[oc_spacer height=”15″]From fridges that self-order milk when it’s running low to cat flaps, which scan the faces of animals and only allow one’s own cat entry into the house. The term Internet of Things basically means nothing else than the interconnection of objects with the internet. Some are already familiar with this, for example from their fitness tracker, which measures and analyses calorie consumption, distance and speed and then transmits this information to a smart phone. And this is exactly the aim of IoT: Capture information from the real world, connect it and make it available in a technical system.
Things have a number of conditions, such as temperature, position, refill capacity etc, but these are normally not known to a network. If real objects are now able to make this information available, many devices can be inter-connected via the internet and communicate with each other to some extent by exchanging information. This networking allows them to request a status from each other and to compare it in order to incorporate information from other devices into a process. Another well-known example for this is the tracking of parcels. Customers are able to follow the status of their parcel in real-time – from order placement to consignment preparation to exact tracking of location. The systems involved in the process are able to coordinate relevant steps with the preceding systems partner. While internet users generally deliberately surf on the internet, the Internet of Things is to be an unnoticed companion. The technology is to merge intuitively and seamlessly with the real world, which would benefit user experience and efficiency.
In short: The aim of IoT is to close information gaps between the real and the virtual world.
What is the Internet of Things for?
Internet of Things in Health Care
Why is such an immense effort being made to equip all kinds of things with sensors and connect them? Is the intention of all the data capture in the end simply to boost the buying behaviour of users? It is clear that the use of IoT technologies enables companies to generate very high profits. McKinsey estimates that in 2025, the added economic value will be around 11.1 trillion dollars worldwide.
However, not only economic processes can be optimised by the Internet of Things. For example, health care will be raised to a completely new level through IoT. Discreet sensors can permanently measure and transmit values such as blood pressure, blood sugar or inflammatory values. This allows doctors to always keep an eye on the state of health of their patients, without them having to be present or needing to conduct measurements of tests. For the more distant future, there is even research into technologies such as ‘Smart Pills’, which after they were taken, will be able to identify in the body which active ingredients are needed and are therefore released and which are not. Another vision are injectable nano robots which, for example, are meant to clean arteries and detect cancerous growths.
The Internet of Things at Home
Wouldn’t it be nice if the washing got ironed all by itself and the floors were cleaned by robots? In the home sector, the Internet of Things is to mainly automate everyday tasks and save resources. Experts estimate that in 2025, the costs for tasks, such as cleaning, shopping and cooking, will be an annual 23 trillion dollars worldwide. According to estimates, this sum could be reduced by 17 percent through automation. Devices could also learn to adapt their tasks to people’s lifestyles and, for example, do household chores when the residents are at school or at work.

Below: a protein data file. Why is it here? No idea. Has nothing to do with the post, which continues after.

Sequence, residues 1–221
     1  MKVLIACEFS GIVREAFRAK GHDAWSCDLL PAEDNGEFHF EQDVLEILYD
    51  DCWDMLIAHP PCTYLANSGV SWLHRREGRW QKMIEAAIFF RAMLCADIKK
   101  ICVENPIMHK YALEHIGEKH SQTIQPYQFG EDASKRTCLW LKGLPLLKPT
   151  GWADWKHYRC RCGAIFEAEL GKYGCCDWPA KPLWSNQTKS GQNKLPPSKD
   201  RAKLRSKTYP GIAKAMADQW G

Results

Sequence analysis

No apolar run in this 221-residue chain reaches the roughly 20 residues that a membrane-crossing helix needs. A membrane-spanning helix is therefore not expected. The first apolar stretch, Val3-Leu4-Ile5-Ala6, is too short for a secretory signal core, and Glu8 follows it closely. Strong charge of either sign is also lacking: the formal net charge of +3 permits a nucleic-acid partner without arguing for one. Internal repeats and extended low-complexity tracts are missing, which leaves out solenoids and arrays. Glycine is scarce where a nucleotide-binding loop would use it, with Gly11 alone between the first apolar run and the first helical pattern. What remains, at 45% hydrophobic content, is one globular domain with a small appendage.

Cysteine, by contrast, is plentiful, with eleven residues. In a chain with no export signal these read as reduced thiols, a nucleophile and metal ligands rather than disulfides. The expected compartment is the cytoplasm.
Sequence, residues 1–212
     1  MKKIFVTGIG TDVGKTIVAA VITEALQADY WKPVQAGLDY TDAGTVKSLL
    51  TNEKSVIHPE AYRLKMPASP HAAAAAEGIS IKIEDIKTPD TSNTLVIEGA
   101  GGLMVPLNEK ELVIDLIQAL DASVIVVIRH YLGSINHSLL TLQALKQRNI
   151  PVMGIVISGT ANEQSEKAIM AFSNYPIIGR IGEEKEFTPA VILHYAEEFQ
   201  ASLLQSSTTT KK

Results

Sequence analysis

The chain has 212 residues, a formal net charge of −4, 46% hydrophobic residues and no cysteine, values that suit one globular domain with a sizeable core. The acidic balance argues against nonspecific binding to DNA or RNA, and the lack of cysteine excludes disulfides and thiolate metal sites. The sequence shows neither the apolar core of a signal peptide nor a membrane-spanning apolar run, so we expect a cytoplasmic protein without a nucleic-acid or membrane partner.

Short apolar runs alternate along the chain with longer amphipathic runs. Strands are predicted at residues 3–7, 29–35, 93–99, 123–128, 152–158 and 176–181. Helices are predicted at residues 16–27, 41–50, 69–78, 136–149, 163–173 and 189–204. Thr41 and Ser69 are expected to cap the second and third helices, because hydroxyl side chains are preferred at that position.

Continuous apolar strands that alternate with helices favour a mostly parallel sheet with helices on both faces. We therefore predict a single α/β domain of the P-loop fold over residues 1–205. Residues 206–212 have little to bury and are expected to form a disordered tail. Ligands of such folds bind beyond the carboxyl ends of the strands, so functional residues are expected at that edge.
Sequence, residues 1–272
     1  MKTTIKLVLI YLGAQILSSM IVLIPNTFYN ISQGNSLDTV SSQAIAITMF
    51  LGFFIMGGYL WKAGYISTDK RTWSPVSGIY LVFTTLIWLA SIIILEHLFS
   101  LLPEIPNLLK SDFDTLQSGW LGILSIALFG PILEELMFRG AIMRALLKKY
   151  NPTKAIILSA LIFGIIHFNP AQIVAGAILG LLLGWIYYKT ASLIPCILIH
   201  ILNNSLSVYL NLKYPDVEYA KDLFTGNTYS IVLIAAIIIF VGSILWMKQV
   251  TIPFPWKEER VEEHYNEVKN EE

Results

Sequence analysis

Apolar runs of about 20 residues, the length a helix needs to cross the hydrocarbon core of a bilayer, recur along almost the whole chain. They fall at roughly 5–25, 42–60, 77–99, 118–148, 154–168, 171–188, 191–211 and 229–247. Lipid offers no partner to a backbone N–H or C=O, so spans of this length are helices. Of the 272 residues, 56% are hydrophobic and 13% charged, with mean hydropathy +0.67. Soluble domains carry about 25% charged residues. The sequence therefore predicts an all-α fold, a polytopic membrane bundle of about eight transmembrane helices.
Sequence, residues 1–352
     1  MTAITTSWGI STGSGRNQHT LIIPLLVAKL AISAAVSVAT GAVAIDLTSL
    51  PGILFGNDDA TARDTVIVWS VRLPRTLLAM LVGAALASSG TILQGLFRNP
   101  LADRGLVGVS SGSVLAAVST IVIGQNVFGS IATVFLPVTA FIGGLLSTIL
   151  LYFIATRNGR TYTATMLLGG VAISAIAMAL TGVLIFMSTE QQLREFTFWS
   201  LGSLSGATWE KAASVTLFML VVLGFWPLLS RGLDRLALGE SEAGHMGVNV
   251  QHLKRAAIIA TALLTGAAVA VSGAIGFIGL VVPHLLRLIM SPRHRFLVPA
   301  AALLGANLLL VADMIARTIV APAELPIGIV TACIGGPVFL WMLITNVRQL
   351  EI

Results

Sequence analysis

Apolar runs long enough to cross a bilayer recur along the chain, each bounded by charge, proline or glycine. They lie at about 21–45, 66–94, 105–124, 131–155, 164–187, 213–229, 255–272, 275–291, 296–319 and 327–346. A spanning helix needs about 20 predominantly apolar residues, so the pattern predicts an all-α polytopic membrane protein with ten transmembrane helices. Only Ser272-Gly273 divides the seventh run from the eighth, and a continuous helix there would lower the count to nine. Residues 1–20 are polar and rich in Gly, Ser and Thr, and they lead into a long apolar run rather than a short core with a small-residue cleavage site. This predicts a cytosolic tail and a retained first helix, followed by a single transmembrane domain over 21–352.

Sensors in the house can also help save energy, for example by regulating room temperatures as required using smart thermostats or by adjusting activities of household devices depending on daily fluctuations of energy prices.
The City and the Internet of Things
In particular urban areas face big challenges due to the growing world population. According to estimates, in 2025 around 4.7 billion people will live in cities – this is around 60 percent of the world’s population. All of these people have to be supplied with food, water and consumer products. Energy consumption in large cities is immense and the environment suffers from pollution and exhaust emissions. In order to make the supply process and transport more efficient, some larger cities are already making use of Internet of Things technologies. For example, sensors can help measure air and water quality and raise the alarm as soon as limits are exceeded. Intelligent traffic management systems can observe the flow of traffic, for example to avoid traffic jams. Resources such as water and electricity can also be transported and distributed more sustainably and efficiently.
These are only a few of the countless innovations, which can be achieved with IoT. Companies have long discovered the Internet of Things and almost all could, according to a recent study of Computerwoche and CIO, identify added value through IoT projects (95%). The greatest obstacle, when implementing IoT projects within companies, are security concerns. 44% of the interviewees fear an increase of hacker attacks and are concerned about topics such as data security and operational safety.
The vision is that almost everything is to be connected with everything. How far the Internet of Things will actually spread remains to be seen. However, even the biggest technology sceptic will surely agree that such technologies have to be pursued, if they have the potential to avoid traffic accidents, detect tumours early or raise environmental awareness.